12/19/07 :: [REST] REST CREATES STRONG COUPLING [permalink]

Well I got what I was asking for: answers and more. Tim Bray threatened to loose his cool. With all this attention, it is time to make the final argument on REST. I was originally planning to write it in an article, but I would like to write a very short summary of this article here to keep the conversation going. The article is about Revisiting Loose Coupling in 2007.

Before I start, I would like to reiterate that unlike Stu says, I am not against REST. I am a REST + WS-* guy (not a REST | WS-*). I also want to reiterate that have no emotional or financial links to WS-*. I was originally an ebXML guy and believed that it could do a lot of good in the world. Microsoft (later helped of IBM and others) had the great idea to set out to kill ebXML by launching the only 3 standards "you'll ever need": WSDL, SOAP, UDDI. We all know the end of the story: WS-* was completed in 2007, 6 years after ebXML had pretty much delivered a similar (and somewhat more innovative) stack. If you have any doubt about Microsoft's motivation with respect to ebXML, I would recommend that you read this report from John Markoff, correspondent of the NY times in the Silicon Valley. It should echo well with what happened this year at ISO in relation to the Office Format. Note that Microsoft was not alone in wanting to kill ebXML. Ismael Gallimi and Assaf Arkin wanted to do the same with a glass of WSCI.

My issue with the RESTifarians is that they are attempting to do the same coup "All you'll ever need is REST", of course now APP creeps in, and Harry Pierson (alias DevHawk) explains how to add some durability to REST. Harry is funny: he seems to have forgotten that if we are where we are today with WS-* it is 80% the responsibility of Microsoft. I am glad you guys are disillusioned by your own product strategy -I think a lot of people are too. So now, that we have a stack that kinds of works, I would like to avoid the ebXML syndrome and have to throw it all away because some people are on a "mission".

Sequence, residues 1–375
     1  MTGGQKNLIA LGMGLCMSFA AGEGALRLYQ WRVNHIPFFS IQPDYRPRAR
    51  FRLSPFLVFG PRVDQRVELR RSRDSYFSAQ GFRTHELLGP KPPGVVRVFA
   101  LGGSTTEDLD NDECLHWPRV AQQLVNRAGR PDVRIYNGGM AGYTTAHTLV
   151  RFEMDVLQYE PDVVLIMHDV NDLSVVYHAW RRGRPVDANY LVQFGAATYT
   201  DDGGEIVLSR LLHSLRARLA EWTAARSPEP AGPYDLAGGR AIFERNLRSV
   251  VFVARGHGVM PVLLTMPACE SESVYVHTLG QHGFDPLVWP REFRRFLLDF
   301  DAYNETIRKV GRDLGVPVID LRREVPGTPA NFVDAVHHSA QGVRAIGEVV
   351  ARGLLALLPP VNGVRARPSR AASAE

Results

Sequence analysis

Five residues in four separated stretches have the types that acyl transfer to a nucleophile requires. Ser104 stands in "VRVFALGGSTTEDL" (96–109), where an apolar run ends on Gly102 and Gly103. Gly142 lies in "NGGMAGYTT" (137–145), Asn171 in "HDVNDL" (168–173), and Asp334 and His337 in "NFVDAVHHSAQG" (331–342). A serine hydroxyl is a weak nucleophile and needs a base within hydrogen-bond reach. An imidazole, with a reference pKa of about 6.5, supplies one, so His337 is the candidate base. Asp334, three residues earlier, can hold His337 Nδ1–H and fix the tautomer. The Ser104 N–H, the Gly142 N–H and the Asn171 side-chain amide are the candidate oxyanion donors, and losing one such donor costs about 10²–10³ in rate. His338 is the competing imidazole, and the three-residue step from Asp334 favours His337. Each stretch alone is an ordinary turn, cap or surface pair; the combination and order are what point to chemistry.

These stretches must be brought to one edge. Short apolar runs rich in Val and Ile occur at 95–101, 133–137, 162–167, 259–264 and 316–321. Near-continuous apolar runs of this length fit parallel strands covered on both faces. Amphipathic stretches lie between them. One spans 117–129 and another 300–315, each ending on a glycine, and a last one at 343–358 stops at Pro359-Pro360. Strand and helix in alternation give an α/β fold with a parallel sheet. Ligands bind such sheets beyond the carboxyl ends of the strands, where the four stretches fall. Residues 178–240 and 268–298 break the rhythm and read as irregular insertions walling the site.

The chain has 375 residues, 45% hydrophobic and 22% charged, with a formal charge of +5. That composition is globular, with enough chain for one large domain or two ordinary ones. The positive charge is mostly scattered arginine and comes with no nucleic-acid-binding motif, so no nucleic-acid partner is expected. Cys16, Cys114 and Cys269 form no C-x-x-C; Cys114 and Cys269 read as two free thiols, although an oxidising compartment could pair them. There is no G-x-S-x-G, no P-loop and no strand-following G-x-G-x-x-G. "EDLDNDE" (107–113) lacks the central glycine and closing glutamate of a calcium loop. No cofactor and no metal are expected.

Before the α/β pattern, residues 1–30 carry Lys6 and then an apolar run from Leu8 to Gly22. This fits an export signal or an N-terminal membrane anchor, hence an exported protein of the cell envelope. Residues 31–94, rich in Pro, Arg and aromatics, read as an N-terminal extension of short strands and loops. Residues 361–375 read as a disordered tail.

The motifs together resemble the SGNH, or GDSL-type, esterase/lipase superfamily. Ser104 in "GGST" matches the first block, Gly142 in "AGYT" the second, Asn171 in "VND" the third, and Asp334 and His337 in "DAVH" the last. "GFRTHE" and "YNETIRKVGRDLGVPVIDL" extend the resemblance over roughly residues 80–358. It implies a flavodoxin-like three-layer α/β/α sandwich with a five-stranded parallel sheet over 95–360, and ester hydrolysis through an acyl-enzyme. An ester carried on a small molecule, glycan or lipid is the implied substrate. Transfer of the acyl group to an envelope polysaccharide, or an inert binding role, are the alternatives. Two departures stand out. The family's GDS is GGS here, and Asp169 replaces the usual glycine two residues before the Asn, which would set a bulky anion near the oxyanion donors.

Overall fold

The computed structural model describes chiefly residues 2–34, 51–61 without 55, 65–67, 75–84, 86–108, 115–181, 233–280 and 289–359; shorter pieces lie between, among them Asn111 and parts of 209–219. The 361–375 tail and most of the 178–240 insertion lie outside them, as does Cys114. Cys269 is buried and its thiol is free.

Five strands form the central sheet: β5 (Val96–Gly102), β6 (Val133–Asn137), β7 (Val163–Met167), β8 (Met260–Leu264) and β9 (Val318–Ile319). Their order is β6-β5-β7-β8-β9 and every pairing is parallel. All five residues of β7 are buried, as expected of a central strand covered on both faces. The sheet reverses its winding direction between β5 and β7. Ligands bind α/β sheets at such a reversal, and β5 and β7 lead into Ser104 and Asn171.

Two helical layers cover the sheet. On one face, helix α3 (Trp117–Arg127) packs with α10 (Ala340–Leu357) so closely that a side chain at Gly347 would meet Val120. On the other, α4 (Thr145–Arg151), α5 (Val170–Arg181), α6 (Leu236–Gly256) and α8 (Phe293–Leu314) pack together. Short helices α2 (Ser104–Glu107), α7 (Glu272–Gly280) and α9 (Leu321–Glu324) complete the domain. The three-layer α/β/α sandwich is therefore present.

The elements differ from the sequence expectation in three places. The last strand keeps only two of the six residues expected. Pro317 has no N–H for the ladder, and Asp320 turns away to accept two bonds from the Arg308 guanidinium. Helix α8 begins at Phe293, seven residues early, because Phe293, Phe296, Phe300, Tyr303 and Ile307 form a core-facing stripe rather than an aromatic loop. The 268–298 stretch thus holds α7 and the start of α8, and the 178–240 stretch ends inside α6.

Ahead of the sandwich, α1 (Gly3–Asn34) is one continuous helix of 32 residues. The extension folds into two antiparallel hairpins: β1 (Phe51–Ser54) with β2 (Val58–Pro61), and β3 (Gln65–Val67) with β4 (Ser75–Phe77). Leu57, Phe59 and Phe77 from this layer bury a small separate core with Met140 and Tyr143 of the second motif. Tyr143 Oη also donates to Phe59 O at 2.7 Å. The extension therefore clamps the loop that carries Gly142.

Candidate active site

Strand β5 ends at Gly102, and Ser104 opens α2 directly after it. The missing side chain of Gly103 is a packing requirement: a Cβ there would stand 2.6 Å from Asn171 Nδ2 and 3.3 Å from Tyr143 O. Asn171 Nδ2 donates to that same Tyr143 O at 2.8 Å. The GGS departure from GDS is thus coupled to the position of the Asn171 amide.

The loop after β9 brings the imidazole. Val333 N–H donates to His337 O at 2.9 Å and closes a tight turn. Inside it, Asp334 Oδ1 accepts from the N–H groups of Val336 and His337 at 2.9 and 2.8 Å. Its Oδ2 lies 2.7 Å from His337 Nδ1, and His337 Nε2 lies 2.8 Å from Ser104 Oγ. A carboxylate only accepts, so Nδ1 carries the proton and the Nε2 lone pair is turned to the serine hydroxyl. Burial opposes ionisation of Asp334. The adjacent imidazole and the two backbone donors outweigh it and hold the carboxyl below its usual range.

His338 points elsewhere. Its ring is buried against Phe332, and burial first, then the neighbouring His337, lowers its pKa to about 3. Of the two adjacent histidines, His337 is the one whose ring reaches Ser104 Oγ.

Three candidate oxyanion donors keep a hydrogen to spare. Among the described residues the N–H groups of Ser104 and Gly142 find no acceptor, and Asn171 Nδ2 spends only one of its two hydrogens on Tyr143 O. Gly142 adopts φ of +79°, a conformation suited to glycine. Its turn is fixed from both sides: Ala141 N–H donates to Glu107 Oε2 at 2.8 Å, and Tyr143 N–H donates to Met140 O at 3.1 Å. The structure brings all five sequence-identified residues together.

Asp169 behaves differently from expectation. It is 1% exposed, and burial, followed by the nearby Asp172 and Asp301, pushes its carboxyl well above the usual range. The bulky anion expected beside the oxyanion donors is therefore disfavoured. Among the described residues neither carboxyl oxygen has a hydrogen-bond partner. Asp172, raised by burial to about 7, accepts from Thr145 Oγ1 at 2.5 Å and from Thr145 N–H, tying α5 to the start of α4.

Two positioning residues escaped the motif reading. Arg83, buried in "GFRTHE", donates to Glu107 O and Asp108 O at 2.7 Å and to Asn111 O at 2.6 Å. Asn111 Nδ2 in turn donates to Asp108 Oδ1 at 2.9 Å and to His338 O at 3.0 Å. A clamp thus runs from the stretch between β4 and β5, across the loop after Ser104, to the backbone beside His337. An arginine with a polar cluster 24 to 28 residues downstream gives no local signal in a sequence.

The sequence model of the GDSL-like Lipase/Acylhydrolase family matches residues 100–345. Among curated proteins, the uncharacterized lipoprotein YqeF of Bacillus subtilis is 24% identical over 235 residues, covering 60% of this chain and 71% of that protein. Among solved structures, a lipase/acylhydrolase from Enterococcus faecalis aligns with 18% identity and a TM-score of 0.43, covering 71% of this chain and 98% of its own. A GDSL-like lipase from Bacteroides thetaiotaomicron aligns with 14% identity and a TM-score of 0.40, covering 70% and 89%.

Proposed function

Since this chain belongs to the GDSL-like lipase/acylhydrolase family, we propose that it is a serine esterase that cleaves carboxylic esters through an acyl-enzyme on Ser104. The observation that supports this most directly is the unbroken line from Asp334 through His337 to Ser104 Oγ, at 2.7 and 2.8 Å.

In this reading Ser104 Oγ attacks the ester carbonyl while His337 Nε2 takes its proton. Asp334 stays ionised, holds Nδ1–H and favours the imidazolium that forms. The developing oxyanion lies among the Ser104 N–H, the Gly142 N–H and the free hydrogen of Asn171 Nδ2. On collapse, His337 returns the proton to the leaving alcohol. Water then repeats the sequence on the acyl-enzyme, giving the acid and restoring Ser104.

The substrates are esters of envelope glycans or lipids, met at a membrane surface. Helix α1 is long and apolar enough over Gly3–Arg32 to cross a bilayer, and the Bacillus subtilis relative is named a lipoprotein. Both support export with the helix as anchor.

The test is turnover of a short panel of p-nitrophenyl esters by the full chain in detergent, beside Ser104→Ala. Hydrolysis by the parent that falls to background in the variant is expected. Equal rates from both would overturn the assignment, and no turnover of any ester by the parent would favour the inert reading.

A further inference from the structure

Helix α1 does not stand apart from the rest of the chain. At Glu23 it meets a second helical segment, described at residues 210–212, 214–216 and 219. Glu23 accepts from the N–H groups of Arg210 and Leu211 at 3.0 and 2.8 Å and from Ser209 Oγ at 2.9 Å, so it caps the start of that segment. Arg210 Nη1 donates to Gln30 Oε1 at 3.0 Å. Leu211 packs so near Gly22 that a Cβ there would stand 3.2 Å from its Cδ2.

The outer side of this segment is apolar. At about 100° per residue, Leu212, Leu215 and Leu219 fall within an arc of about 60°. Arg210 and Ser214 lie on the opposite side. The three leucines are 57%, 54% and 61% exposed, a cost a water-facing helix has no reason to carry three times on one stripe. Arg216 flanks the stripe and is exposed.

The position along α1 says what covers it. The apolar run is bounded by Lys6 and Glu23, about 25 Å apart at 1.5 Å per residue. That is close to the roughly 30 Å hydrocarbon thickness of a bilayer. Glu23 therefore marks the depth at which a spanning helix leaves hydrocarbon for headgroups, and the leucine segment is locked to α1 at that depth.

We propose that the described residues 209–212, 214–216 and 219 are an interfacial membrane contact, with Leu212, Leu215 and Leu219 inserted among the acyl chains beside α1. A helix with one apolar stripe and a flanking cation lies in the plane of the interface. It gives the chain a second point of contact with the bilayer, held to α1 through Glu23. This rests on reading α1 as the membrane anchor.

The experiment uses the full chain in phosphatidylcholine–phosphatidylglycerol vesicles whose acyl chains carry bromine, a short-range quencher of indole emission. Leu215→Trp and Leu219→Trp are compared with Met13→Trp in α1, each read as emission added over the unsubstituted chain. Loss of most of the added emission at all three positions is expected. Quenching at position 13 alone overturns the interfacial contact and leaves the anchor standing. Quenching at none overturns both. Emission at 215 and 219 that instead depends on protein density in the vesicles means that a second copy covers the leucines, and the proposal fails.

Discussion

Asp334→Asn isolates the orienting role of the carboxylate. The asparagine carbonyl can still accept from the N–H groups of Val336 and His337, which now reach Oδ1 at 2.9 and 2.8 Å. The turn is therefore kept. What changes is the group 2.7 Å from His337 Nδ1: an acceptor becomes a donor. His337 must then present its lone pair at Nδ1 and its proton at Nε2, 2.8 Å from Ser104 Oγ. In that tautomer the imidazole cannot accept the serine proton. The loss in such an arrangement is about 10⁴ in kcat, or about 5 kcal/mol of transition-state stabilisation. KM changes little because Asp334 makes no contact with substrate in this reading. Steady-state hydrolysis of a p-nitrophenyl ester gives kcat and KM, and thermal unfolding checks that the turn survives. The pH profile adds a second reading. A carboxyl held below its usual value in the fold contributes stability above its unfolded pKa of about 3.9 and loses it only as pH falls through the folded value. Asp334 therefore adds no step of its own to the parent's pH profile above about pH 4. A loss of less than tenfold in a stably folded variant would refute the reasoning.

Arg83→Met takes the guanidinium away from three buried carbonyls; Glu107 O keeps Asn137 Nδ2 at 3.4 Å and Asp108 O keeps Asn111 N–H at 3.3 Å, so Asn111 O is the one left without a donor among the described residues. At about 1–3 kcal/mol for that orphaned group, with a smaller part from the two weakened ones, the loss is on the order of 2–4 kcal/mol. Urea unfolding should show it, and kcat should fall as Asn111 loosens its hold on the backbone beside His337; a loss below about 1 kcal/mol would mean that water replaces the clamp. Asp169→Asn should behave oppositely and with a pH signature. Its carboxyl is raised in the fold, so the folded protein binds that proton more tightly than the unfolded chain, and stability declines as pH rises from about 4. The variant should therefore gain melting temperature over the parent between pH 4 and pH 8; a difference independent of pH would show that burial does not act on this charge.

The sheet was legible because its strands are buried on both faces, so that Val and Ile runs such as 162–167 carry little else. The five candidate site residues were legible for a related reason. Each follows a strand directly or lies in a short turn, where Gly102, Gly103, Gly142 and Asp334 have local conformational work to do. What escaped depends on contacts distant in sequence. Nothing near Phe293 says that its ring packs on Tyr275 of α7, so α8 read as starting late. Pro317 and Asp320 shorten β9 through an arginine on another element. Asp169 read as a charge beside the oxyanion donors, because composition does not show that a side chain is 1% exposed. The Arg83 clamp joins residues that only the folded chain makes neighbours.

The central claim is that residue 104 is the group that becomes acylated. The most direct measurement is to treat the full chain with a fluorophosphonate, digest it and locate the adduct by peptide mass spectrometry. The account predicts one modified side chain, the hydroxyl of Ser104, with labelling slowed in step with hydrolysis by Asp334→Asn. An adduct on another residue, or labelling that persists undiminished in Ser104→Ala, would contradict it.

Stu gave me his answer to the most important question: is a uniform interface enough? can we do without additional operations in the contract? Stu agrees with my argument (?). He then continues on by saying that WS-* (which includes SCA for me) is not going to do it. I think I disagree with this point and I will give my answer in the article. He however finishes this discussion by saying:

due to the uniformity constraint, RESTful services naturally have a lot more loose coupling between service implementations than if we defined our own semantic community for service interfaces that include actions unique to a particular business domain.

Stu, I may misunderstand your point but you seem to say that one thing (we need actions) and the opposite (a uniform interface gives more loose coupling, therefore don't use actions). Anyways, it is not too important, I really want to comment on that point tonight: loose coupling and REST. Hopefully, we can all agree after this discussion about a number of things.

1. Defining Loose-coupling

The goal of loose–coupling is to create autonomous components that are modular enough that they can be composed into different solutions. These components should be able to evolve (to a certain degree) without breaking the solutions that rely on them. Finally, components should allow for a certain degree of variability, i.e. they can participate in more than one type of solutions, and at least in more than one solution.